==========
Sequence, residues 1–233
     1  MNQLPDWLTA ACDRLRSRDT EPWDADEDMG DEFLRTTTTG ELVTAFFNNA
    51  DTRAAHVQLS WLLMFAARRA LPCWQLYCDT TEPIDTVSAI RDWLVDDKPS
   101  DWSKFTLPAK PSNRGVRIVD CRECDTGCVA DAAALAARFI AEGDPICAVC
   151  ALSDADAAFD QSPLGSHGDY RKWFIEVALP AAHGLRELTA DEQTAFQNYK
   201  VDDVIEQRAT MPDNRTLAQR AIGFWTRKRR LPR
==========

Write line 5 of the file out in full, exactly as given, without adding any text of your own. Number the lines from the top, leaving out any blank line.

   151  ALSDADAAFD QSPLGSHGDY RKWFIEVALP AAHGLRELTA DEQTAFQNYK